Human Rights Commission at War with Itself

In the wake of a man at Greenlake Park in Seattle who cited the Human Rights Commission’s new bathroom rule as justification for changing in the women’s locker room, the Washington State Human Rights Commission issued a statement defending its new policy.

The Human Rights Commission said in their statement that said, “Men cannot go into the women’s locker room, as this man claimed he had the right to do. Only women, including transgender women, can go into the women’s locker room.

That seems comforting.

It seems that everyone agrees that men shouldn’t be in the women’s bathrooms.

But as in all law, the devil is in the details. As in all debates, whoever defines the terms wins the debate.  The conflict lies in the fact that the Human Rights Commission (and their sympathizers in the legislature) disagree with the rest of the human species about what it means to be a man or woman.

They feel that once someone says they are a particular gender, that they are.  And the public be like, “Wait, what?”

The task of distinguishing between a transgender woman and a man, as a legal matter, is impossible.  Sure, we all think we know the difference between a person who had gender reassignment surgery and a frat guy who thinks he’s funny, but legally speaking, the concept of gender identity or gender expression depends entirely on the emotional state of the individual involved.

You need not consistently present yourself in a particular way to be covered by this rule.

Indeed, “gender expression” is a temporary condition by definition.  It’s an “expression” of something that makes you feel good. Kinda like when you put on your Russell Wilson jersey before you go to a Seahawks game.

You don’t wear it all the time, but sometimes it’s fun.  Some people treat gender the same way.  And the Human Rights Commission wants to force you to make the adjustments with them.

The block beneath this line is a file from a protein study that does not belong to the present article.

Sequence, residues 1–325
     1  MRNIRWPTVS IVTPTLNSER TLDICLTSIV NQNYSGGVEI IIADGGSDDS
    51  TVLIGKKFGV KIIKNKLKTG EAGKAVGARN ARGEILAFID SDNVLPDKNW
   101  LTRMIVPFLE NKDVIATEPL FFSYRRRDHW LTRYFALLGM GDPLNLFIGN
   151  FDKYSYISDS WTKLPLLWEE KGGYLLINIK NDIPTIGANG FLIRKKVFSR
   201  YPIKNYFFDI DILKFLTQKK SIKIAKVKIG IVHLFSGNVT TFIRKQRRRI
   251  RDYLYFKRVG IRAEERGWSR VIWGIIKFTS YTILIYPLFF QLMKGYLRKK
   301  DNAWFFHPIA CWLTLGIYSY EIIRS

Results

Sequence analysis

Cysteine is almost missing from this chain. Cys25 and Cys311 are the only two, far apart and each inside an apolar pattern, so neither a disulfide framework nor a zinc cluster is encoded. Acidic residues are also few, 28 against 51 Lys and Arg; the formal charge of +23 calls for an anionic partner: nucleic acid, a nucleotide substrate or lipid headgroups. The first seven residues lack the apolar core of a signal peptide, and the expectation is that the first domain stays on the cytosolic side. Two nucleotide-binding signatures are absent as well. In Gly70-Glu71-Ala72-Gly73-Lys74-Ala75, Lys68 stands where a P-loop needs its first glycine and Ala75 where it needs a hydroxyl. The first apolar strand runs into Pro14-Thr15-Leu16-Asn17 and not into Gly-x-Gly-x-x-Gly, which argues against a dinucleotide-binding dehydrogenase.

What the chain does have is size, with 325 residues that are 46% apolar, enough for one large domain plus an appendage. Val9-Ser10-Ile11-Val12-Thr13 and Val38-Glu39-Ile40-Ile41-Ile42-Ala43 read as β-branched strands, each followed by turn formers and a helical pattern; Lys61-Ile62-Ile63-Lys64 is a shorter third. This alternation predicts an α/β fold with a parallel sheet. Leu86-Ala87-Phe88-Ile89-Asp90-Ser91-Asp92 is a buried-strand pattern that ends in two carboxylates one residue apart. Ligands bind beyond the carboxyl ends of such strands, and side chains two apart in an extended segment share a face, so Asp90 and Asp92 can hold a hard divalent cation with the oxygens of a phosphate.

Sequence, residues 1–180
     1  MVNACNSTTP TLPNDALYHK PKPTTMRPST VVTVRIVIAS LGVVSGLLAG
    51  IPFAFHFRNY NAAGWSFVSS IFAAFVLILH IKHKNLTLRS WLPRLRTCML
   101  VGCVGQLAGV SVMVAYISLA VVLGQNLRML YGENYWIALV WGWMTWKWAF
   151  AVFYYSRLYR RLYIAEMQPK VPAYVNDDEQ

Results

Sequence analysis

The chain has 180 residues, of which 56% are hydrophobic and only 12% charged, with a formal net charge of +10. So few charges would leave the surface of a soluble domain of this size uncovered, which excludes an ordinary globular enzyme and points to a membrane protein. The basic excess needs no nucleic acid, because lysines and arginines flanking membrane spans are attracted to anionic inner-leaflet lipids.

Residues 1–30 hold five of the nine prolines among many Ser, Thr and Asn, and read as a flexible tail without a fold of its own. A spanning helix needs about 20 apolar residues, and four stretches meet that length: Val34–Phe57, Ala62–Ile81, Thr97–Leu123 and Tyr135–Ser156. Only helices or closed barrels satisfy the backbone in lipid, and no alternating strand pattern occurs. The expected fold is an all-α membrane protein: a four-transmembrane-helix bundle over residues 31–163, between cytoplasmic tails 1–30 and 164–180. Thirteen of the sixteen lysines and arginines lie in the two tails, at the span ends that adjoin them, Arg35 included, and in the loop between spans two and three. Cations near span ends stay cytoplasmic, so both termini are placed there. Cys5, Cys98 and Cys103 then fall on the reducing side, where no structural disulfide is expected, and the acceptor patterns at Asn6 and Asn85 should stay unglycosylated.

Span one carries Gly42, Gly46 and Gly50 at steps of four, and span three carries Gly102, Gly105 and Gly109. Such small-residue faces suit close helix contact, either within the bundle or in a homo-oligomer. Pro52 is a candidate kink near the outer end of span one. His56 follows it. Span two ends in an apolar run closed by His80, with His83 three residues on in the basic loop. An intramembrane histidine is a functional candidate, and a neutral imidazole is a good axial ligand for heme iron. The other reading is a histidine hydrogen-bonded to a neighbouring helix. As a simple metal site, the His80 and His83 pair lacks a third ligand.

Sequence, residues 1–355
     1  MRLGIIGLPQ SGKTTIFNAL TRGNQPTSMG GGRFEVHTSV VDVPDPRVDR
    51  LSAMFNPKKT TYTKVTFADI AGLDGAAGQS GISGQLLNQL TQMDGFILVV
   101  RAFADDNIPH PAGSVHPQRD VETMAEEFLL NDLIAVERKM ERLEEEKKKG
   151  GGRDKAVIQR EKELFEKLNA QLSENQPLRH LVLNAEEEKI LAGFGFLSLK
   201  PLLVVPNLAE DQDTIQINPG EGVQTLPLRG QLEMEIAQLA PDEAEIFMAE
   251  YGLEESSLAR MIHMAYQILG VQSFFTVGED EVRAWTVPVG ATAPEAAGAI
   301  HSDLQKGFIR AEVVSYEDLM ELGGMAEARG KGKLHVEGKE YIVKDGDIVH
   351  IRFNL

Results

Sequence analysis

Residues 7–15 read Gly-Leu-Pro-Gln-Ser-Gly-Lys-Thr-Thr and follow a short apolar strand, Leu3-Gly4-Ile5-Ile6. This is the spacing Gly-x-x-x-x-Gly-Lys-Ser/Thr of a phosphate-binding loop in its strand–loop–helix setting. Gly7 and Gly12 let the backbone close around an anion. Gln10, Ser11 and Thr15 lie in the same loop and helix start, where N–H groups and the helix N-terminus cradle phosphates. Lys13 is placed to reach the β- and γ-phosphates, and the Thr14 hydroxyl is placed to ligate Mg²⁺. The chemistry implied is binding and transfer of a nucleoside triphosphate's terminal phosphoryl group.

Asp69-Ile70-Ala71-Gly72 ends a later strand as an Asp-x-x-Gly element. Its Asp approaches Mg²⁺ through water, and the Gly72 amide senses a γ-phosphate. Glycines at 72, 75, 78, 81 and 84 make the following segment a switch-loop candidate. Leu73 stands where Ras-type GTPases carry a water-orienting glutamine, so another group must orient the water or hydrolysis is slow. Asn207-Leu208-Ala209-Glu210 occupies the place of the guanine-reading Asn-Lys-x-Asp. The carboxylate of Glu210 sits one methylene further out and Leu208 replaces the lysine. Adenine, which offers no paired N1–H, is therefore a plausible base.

The simple fact is, the language of the rule gives people a legal right to access the bathrooms depending on an individuals mood.

Those who support the open-bathroom policy are frustrated by the fact that their crystal clear intentions are frustrated by the mess they put on paper.  They are forced to choose between rational public policy and good intentions.

Will they work to do good, or simply feel good?

The public continues to be outraged because they recognizes this rule is the equivalent of the IRS stating that, “You don’t have to pay your taxes if you are sad.”

Suddenly, magically, tragically everyone would be sad.  And you can’t prove they aren’t.  Some people laugh when they’re sad.

Would the Department of Ecology ever allow contractors to “identify” as compliant? Of course not.

When the standard you have created exists entirely inside the mind of one person, it’s impossible to show that anyone has failed to meet the standard.

It is a rule that eliminates all rules.

Apparently, the Human Rights Commissioner’s are the only ones who can’t see it.

But this was not the only way they attempted to get the public to focus on their intentions rather than the rule they wrote.

In their statement from Friday, the HRC also emphasized that, “If a business has a reasonable belief that a person is in the wrong place, there is no rule that states that the person cannot be questioned and required to leave.

Odd thing to say.  Why would they feel the need to clarify that people are allowed to ask questions?